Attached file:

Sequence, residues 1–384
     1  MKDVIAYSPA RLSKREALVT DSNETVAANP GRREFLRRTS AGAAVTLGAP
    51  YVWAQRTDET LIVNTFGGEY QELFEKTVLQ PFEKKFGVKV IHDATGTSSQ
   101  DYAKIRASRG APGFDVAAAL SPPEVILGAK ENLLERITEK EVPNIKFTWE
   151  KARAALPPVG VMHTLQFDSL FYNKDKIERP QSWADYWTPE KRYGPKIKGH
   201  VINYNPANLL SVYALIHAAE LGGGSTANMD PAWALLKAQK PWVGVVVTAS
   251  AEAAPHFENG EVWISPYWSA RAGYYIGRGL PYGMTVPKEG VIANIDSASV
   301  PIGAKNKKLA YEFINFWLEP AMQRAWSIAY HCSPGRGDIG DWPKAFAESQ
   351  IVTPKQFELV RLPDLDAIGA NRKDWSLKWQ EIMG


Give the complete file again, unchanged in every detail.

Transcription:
Sequence, residues 1–384
     1  MKDVIAYSPA RLSKREALVT DSNETVAANP GRREFLRRTS AGAAVTLGAP
    51  YVWAQRTDET LIVNTFGGEY QELFEKTVLQ PFEKKFGVKV IHDATGTSSQ
   101  DYAKIRASRG APGFDVAAAL SPPEVILGAK ENLLERITEK EVPNIKFTWE
   151  KARAALPPVG VMHTLQFDSL FYNKDKIERP QSWADYWTPE KRYGPKIKGH
   201  VINYNPANLL SVYALIHAAE LGGGSTANMD PAWALLKAQK PWVGVVVTAS
   251  AEAAPHFENG EVWISPYWSA RAGYYIGRGL PYGMTVPKEG VIANIDSASV
   301  PIGAKNKKLA YEFINFWLEP AMQRAWSIAY HCSPGRGDIG DWPKAFAESQ
   351  IVTPKQFELV RLPDLDAIGA NRKDWSLKWQ EIMG